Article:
China hits double-salvo with AC Milan deal

Chinese consortium including state-owned SDIC paid $820 million for the Italian soccer club in the largest-ever Chinese investment into European football.

A Chinese consortium including State Development & Investment Corporation (SDIC) clinched a preliminary agreement to buy nearly all of Italian soccer heavyweight AC Milan late on Friday, just hours after private investor Guochuan Lai sealed a deal to take over British football club West Bromwich Albion.

Former Italian prime minister Silvio Berlusconi is set to sell his 99.93% stake in the seven-time European champions to an investment vehicle called Sino-Europe Investment Management Changxing Group, which has backing from Haixia Capital, SDIC and little-known businessmen Yonghong Li and Han Li.

The consortium will pay €740 million ($820 million) for the Italian football club, after estimating AC Milan's debt level at being around €220 million. The consortium has committed to invest a further €350 million over the next three years.

According to Italian media reports, the consortium has outbid a joint offer by Chinese conglomerate Fosun International and soccer agent Jorge Mendes, which attempted to take over AC Milan for about $600 million.

After Suning’s purchase of Inter Milan earlier this year, the AC Milan sale will effectively turn the classic Derby della Madonnina – a hotly-contested game between Milan's two major football clubs – into a Chinese derby match.

AC Milan fans will now be hoping that the fresh capital injection will help the club re-establish its status as a top-tier European football club. The 18-time Serie A Champions have failed to finish in the top three over the last three seasons, after being forced to sell high-profile players such as Zlatan Ibrahimović to reduce debt.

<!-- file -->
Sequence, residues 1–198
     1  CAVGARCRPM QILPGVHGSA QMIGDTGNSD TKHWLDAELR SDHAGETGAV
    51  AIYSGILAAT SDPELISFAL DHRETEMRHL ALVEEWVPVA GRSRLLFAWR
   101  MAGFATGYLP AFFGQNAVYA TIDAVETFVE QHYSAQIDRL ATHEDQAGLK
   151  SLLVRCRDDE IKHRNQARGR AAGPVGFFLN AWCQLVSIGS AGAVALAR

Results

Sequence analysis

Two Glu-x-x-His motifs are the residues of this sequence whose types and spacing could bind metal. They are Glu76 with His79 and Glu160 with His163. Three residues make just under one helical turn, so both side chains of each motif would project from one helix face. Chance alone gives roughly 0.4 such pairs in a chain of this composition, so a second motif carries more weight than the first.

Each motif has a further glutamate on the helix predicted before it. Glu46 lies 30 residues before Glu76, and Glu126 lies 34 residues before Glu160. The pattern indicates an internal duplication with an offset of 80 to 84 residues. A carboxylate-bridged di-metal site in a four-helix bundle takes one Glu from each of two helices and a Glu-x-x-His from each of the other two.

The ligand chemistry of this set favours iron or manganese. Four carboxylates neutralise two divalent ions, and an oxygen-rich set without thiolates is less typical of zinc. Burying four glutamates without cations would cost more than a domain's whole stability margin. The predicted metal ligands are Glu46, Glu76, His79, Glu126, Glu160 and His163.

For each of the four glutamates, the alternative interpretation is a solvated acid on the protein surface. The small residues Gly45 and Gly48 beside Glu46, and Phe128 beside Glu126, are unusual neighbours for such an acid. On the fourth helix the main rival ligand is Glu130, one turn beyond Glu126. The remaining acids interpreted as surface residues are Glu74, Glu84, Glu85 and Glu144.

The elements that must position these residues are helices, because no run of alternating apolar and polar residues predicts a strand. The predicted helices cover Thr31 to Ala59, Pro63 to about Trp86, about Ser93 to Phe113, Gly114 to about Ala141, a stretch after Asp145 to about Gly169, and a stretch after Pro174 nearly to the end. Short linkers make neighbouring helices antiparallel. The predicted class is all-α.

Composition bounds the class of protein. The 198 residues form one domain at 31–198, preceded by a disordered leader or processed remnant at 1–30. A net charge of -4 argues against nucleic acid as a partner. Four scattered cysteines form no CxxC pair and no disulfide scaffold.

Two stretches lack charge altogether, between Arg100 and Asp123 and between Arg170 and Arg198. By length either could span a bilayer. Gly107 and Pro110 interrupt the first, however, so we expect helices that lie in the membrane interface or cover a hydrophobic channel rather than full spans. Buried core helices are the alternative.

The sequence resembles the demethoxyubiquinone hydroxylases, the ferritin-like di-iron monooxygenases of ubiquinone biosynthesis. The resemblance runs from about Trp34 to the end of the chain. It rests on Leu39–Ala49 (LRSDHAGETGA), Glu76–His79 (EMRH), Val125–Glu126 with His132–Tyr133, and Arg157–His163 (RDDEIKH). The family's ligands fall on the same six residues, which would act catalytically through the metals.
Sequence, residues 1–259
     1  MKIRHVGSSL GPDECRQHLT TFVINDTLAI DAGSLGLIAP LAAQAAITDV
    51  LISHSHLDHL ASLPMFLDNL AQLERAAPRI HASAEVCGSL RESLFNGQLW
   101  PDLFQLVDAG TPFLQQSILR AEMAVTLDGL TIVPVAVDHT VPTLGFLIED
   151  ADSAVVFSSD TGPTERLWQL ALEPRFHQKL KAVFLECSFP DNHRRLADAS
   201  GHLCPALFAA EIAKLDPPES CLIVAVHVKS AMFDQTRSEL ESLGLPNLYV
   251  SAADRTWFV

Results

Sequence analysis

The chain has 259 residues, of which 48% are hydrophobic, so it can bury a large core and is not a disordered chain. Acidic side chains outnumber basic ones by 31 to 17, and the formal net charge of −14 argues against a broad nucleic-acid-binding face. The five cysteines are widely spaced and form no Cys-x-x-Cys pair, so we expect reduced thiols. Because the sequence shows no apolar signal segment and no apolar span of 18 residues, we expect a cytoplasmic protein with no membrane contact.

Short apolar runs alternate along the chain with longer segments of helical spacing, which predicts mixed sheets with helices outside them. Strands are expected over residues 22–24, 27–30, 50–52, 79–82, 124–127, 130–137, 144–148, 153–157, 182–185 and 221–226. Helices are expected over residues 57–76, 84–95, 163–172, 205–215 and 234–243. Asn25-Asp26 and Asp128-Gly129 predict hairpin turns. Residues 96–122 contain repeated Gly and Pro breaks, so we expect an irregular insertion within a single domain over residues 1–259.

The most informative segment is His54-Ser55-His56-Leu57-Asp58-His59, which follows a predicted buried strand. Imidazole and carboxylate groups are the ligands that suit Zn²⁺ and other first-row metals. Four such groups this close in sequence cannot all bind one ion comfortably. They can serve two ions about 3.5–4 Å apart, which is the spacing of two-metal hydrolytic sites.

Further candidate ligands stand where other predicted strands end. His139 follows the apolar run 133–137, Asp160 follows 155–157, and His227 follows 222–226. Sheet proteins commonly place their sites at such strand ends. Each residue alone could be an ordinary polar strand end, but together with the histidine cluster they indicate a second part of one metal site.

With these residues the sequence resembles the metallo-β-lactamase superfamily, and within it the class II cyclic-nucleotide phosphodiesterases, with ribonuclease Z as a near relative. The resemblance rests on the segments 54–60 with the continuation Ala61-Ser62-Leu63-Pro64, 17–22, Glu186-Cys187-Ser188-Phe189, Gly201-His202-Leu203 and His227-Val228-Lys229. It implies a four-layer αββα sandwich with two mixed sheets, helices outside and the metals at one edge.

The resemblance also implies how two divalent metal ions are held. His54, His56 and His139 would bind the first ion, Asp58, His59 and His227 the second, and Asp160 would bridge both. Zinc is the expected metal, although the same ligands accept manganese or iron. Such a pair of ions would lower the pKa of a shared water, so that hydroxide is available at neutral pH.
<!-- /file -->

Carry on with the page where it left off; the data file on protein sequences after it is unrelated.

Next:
While Chinese buyers have already earned a reputation for snapping up European soccer clubs since early last year, the purchase of AC Milan is arguably much more significant than previous acquisitions.

The $820 million price tag means the transaction is by far the biggest single investment into European soccer from China. The amount is more than double the $307 million paid by Suning for Inter Milan’s 70% stake, not to mention smaller investments into British football clubs such as Aston Villa and Wolverhampton Wanderers.

It is also the first time a state-owned entity has been directly involved in the purchase of a top-flight European football club.

SDIC’s investment could be interpreted as a means to exert China’s influence in Italy, something that cannot entirely be rejected given that the seller is four-time Italian Prime Minister Silvio Berlusconi. He is still a popular — albeit divisive — political figure despite stepping down from his leadership job five years ago.

Participation from the state-owned entity suggests that the interest in European football clubs is no longer a means for private investors to please soccer-loving president Xi Jinping, but has perhaps become a national agenda. 

¬ Haymarket Media Limited. All rights reserved.
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